Introduction to OAuth 2.0 and OpenID Connect

Philippe De Ryck

Recorded at GOTO 2018

[Music]
all right let's have lunch that was it
keep the applause for at the end I'm
gonna talk about a lot and a Freddie
connect maybe towards the end you're not
so happy anymore because it's actually a
complex topic
it's not that easy to digest but I'm
gonna try to make it digestible for you
and my goal here is that you go away by
understanding or fully understanding
what does why it does what it does and
how it does that
same for open ID connect I'm going to
talk about that towards the end it's
built on top of OAuth for one particular
purpose and that is the takeaway from
this session when we talk about what the
best way to introduce that is perhaps
through a real world analogy so this is
valet parking something we in Europe are
not too familiar with but in the u.s.
you can actually hand someone your car
key and they will parked car for you
very easy very straightforward of course
you're handing a stranger the key to
your probably fancy car so that's
probably maybe a bit of a risk so what
you have in these cars is you have a
valet key a special key that you can use
to give towards to ophélie and that key
only opens the door of the car and
starts the car but it does not give
access to the glovebox compartment or
the trunk so if you have valuables in
there I share valuable documents or
suitcases or whatever if you put them in
there that key will not grant them
access to that resource and it brings us
close towards the ID of oh because o it
is about delegation of access and if a
key is a kind of delegating access to
your car to someone else that you don't
really know but under certain conditions
and that's what parts brings to the
table and oh art we need an
authorization server to handle that
delegation first a real world
ohad paced example let's talk about
something like Twitter everybody knows
Twitter I have a Twitter feed my slides
are available through my Twitter feed so
you can grab a copy from there if you
want to to post the slides on Twitter I
use an application known as buffer
buffer allows you me to schedule my
tweets so I can put them ready like
release that at 12 o'clock and I'm good
to go
in the background buffer needs access to
my Twitter profile so I'm gonna delegate
access to buffer to access my Twitter
for
on my behalf and post the tweet whenever
I say it should be posted if you look at
the Twitter side of things there's a
number of applications that has access
to my Twitter feed here's a few examples
you see legitimate Twitter clients
having access but you also see this
buffer application in there and some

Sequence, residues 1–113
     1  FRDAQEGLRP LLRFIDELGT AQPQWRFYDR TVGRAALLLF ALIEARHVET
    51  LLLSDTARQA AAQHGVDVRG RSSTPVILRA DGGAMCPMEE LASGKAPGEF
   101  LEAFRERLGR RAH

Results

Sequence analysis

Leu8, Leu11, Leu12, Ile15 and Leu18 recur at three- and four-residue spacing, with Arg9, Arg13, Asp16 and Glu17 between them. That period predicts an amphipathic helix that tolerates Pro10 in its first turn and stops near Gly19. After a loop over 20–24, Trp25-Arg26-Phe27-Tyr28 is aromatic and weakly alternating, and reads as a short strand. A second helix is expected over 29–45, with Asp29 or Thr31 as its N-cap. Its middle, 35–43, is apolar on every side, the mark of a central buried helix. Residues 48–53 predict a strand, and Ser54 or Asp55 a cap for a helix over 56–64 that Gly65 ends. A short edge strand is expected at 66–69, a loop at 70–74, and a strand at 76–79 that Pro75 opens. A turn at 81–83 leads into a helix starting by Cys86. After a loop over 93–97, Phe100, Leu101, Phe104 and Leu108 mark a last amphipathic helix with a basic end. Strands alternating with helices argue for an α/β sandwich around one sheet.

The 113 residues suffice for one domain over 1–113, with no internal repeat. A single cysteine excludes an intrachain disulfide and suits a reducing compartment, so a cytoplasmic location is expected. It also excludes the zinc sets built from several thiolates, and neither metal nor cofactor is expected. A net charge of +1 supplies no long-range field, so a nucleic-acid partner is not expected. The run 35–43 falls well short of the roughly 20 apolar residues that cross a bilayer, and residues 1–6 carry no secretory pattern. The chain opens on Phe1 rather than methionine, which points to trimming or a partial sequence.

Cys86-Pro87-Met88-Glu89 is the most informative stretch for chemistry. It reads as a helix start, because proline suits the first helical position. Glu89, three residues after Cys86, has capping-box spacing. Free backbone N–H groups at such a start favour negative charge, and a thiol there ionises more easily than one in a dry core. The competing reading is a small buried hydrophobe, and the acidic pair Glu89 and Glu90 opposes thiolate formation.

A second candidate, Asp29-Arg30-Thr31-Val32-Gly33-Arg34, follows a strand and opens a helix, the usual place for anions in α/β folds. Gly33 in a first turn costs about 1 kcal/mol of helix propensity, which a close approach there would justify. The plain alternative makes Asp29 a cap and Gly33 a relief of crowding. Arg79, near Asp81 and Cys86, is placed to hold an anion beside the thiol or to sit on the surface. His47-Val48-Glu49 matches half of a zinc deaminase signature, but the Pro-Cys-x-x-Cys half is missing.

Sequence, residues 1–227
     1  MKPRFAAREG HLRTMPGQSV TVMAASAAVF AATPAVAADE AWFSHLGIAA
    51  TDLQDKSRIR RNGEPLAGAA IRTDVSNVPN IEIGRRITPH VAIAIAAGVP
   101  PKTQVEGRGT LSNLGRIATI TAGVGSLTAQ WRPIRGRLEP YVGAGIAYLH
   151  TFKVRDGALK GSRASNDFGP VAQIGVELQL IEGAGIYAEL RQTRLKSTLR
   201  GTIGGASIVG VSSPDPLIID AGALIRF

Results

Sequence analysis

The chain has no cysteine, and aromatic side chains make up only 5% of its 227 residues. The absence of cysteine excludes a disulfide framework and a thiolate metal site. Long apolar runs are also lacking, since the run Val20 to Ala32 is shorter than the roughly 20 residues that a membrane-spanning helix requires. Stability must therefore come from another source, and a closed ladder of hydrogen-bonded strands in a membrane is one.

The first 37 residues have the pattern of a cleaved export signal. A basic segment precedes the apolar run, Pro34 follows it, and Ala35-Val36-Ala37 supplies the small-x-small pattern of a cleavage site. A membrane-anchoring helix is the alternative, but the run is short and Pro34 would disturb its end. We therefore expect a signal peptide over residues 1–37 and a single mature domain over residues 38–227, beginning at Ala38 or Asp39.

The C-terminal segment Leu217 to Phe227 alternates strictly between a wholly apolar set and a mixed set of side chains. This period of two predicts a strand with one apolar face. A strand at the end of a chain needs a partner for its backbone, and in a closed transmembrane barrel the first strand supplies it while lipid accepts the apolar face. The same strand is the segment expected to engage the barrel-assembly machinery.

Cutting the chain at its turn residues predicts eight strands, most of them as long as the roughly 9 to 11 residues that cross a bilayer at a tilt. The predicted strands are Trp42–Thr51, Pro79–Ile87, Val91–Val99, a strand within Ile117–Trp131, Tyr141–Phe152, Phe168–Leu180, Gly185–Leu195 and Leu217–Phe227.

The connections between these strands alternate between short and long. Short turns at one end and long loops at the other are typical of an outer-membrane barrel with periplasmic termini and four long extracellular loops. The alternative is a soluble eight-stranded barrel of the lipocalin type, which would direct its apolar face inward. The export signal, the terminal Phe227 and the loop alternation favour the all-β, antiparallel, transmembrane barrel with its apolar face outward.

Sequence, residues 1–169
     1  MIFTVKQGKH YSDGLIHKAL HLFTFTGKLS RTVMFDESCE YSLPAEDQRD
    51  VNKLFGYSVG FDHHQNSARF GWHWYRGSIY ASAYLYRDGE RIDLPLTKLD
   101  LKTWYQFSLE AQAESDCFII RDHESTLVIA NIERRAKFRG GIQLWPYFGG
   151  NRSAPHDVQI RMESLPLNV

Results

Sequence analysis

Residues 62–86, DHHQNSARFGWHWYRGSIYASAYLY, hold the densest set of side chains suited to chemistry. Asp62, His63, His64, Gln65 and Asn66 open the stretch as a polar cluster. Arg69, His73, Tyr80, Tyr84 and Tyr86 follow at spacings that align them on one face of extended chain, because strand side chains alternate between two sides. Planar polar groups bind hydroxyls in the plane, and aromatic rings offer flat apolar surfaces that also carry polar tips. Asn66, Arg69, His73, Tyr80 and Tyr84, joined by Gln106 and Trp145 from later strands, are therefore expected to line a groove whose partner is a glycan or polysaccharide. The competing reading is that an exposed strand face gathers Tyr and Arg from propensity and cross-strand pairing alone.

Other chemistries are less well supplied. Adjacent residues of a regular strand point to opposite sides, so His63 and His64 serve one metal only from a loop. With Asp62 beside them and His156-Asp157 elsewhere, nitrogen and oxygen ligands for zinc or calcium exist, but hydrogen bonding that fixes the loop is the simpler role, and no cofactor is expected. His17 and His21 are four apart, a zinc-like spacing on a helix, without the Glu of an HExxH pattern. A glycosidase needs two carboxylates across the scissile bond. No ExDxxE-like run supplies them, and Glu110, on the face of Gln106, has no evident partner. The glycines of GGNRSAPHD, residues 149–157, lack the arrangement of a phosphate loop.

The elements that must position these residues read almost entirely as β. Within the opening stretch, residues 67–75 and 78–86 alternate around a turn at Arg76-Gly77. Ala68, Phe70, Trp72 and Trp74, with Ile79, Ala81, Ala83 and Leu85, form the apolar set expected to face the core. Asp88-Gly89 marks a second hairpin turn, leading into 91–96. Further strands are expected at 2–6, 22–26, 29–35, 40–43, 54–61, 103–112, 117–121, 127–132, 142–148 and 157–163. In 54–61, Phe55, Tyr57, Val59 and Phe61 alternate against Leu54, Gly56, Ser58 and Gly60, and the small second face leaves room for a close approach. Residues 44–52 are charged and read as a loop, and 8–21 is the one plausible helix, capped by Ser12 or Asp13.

other types of applications that is
fought at work that is how what actually
does this thing and what our tries to
achieve allowing you as a user to grant
an application access on your behalf to
a third-party resource so if you look at
we're gonna make all of this possible
through the authorization server that's
gonna be the key component in the whole
of OAuth we as a user want to grant a
client application access so in my
example from before buffer would be the
client application I want to grant that
application access to a resource I
control to access that resource the
client uses an access token that access
token is something that the client has
received buffer receipt from Twitter and
can use that to access a protected
resource in our terms which is hosted by
the resource server so in the example
that we have that would be the Twitter
API to post a tweet that would be a
protected resource on a resource server
and an access token is going to grant
access and the resource server is gonna
need some way to verify whether the
client is actually allowed to do that
that's very important that a resource
server does proper authorization
otherwise any client would be able to do
anything on behalf of any user which is
definitely not what we want oh art what
the spec provides is actually about the
dance between the client and an
authorization server about granting
access and that's actually it may be the
verifying client access is also part of
what but maybe not even the course
packets it's a separate specification
and how to use the access token to
access resource server that's not even
covered by a lot because a lot is purely
about delegation of course all the other
things come into play when you start
using a lot because you'll needs if you
are building an API you'll need to check
authorization and make decisions and
things like that but keep in mind that
it's just based on the mechanisms
provided by ODS but not part of coart
itself the image here shows one very
weird thing we have one client a one
resource server so why go to the TRO
of setting up allowed to make that work
it's probably not worth the effort
because it is quite complex to get this
working and you can make some mistakes
against that of course this really pays
off in a landscape where you have
multiple clients you have things like
buffer which is a back-end system you
have things like a mobile front-end
application you have a web application
all of these can be clients of the same
part protocol or Oh our framework and of
course you have multiple resource
servers all of them offer several types
of resources different API is different
kinds of resources and they all need to
make authorization decisions that is
what an OAuth architecture on high level
looks like before we dive into the
details of how this delegation actually
happens small word about me I'm Philip
deck thank you for the introduction
no one and I am a trainer on web
security so I teach developers how to
build better and more secure
applications I do that all over the
world and under my company pragmatic web
security which is my vehicle for doing
that
I'm also organizing the Second Life
course which is a course in Belgium a
week long security for developers I'm